Mehwish Shaukat

The Project

Mehwish will fight to protect the religious liberties of Muslims in prison through national appellate impact litigation and strategic coalition building. 

The United States incarcerates thousands of people of faith and routinely violates their fundamental right to worship. Most people who face such violations have no attorneys. Previous estimates have found that around 95% of people in prison represent themselves. When they file pro se, and often lose, they have no appellate representation. 

Islam is the fastest-growing religion in prison. Too often, prisons inflict violence and torture on Muslims who seek to peacefully practice their faith. With virtually no access to quality appellate representation to fight losses in the district court, the violations have multiplied in duration and degree. Muslims have been subjected to torture by prolonged stints in solitary confinement, violent forcible shavings, traumatic forcible removal of hijab, and more. There are almost no appellate experts who specialize in prisoners’ rights and also fully understand Muslim religious practices. 

Fellowship Plans

Mehwish will craft a national litigation strategy and lead the charge to file appeals for religious liberty violations in federal appellate courts across the nation. She will directly represent clients appealing Religious Land Use and Institutionalized Persons Act (RLUIPA) and First Amendment violations. In addition to her impact litigation, Mehwish will leverage her deep personal ties to impacted persons and communities to center and amplify her clients’ often ignored voices in the community and in the courtroom. Her project is a groundbreaking effort to assemble a national coalition of appellate experts, impacted persons, and legal scholars to end torture and violence against Muslims in prison. Mehwish’s advocacy and appellate victories will strengthen the religious liberties of all people in prison.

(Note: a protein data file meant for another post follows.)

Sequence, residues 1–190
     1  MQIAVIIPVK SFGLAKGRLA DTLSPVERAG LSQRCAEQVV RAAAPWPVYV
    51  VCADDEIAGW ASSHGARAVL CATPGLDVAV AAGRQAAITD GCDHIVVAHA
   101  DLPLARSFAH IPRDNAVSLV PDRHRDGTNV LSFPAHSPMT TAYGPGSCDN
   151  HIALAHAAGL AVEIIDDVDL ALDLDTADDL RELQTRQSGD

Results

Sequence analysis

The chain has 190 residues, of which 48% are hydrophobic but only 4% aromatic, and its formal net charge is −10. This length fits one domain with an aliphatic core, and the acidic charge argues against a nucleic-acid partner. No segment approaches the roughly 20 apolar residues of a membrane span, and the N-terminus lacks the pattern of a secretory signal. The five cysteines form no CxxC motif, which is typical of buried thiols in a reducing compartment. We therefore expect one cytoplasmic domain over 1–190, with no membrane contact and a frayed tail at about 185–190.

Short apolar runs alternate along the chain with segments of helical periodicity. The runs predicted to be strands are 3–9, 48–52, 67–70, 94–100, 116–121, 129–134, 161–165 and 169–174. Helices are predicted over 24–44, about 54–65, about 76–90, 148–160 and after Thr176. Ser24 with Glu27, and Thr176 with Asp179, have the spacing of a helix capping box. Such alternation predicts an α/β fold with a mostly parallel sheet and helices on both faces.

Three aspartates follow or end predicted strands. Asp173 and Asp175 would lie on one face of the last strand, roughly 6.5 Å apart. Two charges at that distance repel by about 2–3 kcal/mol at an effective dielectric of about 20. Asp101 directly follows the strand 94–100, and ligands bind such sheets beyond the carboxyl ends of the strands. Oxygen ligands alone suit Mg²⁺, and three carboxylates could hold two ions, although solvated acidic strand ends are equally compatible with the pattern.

My purpose is to force the criminal justice system to reckon with the broken promises of our constitution that all people—no matter how vilified—are equal before the law.

Mehwish Shaukat /
2022 Equal Justice Works Fellow

The Project

Wilson will advocate to build fully funded alternatives to police that consider the unique cultural needs of people of color and people with disabilities.

More than half of Black people with disabilities in the United States are arrested by the time they turn 28. Police are sixteen times more likely to kill someone with a disability than a person without a disability, and three times more likely to kill a Black person than a white person. Many arrests and deaths happen when the victim is in a mental or behavioral health crisis. In most cities the existing crisis response service is a police officer with handcuffs and a gun. When police respond, the situation often escalates into an arrest, or a death–especially for people of color.

Fellowship Plans

Wilson’s project will use novel legal arguments rooted in equal protection, disability rights, and racial justice to litigate, advocate, and educate for a fully funded non-policing mental health crisis response in California. Wilson will work alongside community members and organizers, and he will leverage his personal experiences to help shape a community-led and culturally responsive alternative to police. Wilson will also develop a resource manual that will collect examples of alternatives to police in other jurisdictions as well as outline how to build emergency response and community treatment infrastructure.

Wilson’s experience supporting people with mental health disabilities at all stages in the criminal legal system inspired him to focus on police interactions. By working to limit police interactions and providing fully funded mobile crisis responses, Wilson’s project will reduce the number of people who are trapped in the criminal legal system.

My Equal Justice Works Fellowship provides me an opportunity to serve my community by protecting people from the harms that come when people of color and people with disabilities have unnecessary interactions with police.